-When switching from oral to IV valproate, the total daily dose of IV valproate should be equivalent to the total daily dose of oral valproate, and administered at the same frequency as the oral product.
-Equivalence between IV and oral valproate products at steady state has only been evaluated in a 6-hourly dosing regimen. Trough plasma level monitoring may be required if IV valproate is administered 2 to 3 times a day.
-Complex partial seizures: When converting patients to valproate monotherapy, concomitant antiepileptic drug dosage can generally be reduced by approximately 25% every 2 weeks, commencing either at the start of valproate therapy or delayed by 1 to 2 weeks. Patients should be monitored closely during this period for increased seizure frequency.

Uses: Monotherapy and adjunctive therapy in the treatment of complex partial seizures; sole and adjunctive therapy for simple and complex absence seizures; adjunctive therapy in patients with multiple seizure types that include absence seizures.

Usual Adult Dose for Mania:

Delayed-release capsules :
Initial dose: 750 mg orally per day in divided doses
Maximum dose: 60 mg/kg orally per day
Duration: Safety and efficacy beyond 3 weeks has not been established

Comments:
-The dose should be increased as rapidly as possible to achieve the lowest therapeutic dose which produces the desired clinical effect or the desired range of plasma concentrations.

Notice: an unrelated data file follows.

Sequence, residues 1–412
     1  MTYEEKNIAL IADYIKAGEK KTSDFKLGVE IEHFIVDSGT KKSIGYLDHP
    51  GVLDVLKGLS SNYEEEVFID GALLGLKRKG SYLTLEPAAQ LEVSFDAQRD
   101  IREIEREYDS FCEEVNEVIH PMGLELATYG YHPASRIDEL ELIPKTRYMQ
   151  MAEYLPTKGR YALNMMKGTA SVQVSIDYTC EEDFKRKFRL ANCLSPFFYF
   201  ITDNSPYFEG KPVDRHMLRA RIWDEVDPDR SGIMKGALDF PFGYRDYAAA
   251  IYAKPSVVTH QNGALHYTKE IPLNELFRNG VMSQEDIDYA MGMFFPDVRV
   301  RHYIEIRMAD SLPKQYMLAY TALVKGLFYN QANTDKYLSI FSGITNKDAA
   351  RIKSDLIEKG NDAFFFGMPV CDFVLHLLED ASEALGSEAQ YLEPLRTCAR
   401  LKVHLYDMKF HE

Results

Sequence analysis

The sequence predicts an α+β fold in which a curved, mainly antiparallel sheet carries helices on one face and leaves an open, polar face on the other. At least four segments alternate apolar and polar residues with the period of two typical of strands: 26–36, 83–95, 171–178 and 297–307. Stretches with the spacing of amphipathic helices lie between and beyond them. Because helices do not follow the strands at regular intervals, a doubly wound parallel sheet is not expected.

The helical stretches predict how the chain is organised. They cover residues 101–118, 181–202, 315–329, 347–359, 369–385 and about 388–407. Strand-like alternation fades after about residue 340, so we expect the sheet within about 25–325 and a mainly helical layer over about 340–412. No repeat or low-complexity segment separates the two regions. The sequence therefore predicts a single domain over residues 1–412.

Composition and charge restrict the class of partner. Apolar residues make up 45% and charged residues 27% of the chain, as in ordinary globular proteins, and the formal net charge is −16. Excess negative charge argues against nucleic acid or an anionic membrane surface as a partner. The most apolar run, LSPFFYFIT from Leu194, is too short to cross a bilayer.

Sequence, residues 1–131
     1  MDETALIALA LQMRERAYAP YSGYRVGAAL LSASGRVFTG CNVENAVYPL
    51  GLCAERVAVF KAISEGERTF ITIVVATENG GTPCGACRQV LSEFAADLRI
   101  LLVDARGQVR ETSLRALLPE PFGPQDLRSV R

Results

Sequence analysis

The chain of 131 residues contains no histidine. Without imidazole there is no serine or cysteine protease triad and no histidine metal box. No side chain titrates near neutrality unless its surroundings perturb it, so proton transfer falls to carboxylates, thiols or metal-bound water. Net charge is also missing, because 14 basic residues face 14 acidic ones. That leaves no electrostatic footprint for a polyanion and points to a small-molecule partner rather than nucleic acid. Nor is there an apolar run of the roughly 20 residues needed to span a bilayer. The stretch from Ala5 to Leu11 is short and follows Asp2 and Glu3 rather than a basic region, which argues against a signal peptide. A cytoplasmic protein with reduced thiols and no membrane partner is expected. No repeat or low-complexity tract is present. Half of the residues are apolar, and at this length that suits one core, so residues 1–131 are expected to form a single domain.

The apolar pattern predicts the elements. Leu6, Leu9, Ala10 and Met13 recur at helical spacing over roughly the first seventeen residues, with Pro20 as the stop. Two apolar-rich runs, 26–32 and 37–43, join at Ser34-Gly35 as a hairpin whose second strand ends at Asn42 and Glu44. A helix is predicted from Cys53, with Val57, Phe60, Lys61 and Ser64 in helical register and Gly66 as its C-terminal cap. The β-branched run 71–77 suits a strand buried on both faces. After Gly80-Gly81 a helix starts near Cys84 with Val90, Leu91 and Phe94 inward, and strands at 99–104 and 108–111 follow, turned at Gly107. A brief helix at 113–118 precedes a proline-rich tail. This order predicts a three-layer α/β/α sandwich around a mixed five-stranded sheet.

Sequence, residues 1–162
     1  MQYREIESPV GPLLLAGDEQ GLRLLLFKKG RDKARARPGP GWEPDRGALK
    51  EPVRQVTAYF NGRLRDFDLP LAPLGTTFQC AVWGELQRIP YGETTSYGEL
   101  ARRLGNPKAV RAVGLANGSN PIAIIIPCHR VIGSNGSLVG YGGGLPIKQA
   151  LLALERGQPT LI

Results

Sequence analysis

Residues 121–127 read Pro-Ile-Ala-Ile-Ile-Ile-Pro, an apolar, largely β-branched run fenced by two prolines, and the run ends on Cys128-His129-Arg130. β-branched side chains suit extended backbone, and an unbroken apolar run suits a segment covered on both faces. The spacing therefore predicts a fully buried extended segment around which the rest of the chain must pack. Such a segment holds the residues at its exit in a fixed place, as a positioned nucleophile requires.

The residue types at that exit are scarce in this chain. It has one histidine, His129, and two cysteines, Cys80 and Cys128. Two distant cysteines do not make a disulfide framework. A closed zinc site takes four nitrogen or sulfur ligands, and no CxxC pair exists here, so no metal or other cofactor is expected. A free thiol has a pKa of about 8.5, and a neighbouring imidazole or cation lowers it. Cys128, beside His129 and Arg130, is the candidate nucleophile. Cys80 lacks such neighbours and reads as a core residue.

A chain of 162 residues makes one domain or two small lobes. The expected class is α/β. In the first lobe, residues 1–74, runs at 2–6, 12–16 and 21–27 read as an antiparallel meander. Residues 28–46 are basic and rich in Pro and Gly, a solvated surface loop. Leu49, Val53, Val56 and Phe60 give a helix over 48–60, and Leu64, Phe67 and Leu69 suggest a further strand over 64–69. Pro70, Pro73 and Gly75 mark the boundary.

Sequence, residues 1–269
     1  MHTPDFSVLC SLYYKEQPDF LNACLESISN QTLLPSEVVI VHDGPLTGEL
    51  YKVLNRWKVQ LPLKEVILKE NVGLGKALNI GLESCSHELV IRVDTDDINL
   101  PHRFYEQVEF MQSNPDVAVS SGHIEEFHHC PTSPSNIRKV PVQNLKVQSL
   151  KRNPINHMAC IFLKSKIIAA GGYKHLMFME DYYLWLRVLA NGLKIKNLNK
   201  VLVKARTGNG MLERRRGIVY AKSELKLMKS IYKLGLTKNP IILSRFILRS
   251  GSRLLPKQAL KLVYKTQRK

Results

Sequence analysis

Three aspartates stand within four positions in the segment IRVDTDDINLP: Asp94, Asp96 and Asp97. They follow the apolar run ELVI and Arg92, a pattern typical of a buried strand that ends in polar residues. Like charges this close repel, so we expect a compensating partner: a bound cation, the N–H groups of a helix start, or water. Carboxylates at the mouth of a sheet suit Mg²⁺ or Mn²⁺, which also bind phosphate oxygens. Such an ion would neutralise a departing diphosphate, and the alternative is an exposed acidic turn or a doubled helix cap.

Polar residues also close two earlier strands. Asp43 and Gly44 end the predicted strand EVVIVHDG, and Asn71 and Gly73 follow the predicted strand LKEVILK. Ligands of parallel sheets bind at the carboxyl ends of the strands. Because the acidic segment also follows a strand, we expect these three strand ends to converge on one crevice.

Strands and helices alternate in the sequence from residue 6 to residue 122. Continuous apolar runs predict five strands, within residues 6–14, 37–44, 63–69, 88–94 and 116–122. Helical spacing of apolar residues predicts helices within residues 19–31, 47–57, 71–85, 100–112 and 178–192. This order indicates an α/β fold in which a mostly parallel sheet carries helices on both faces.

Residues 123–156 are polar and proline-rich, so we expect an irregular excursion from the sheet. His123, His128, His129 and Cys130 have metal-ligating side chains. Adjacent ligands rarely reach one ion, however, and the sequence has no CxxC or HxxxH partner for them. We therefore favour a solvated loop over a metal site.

-In placebo-controlled clinical trials of acute mania, patients were dosed to a clinical response with a trough plasma concentration of 50 to 125 mcg/mL.
-Maximum concentrations were generally achieved within 14 days.
-Safety and efficacy for longer term use in the maintenance of the initial response and prevention of new manic episodes has not been systematically evaluated in clinical trials. Use for extended periods should be accompanied by regular review for the long-term usefulness of the drug for the individual patient.

Use: Treatment of manic episodes associated with bipolar disorder.

Usual Adult Dose for Migraine Prophylaxis:

Delayed release oral capsules:
Initial dose: 250 mg orally twice a day

Comments:
-Some patients may benefit from doses up to 1000 mg per day.
-In clinical trials, there was no evidence that higher doses led to greater efficacy.

Usual Pediatric Dose for Epilepsy:

10 years of age or older:
Complex partial seizures:
Initial dose: 10 to 15 mg/kg orally or intravenously per day as an IV infusion in divided doses, increased by 5 to 10 mg/kg per week if necessary according to clinical response
Maintenance dose: 10 to 60 mg/kg per day in divided doses
Maximum dose: 60 mg/kg per day

Simple and complex absence seizures:
Initial dose: 15 mg/kg orally or intravenously per day as an IV infusion in divided doses, increased at one week intervals by 5 to 10 mg/kg/day according to seizure control and tolerability
Maximum dose: 60 mg/kg per day

Comments:
-If the total daily dose exceeds 250 mg, it should be given in 2 to 3 divided doses.
-Use of IV valproate sodium for periods longer than 14 days has not been studied; patients should be converted to oral valproate as soon as clinically feasible.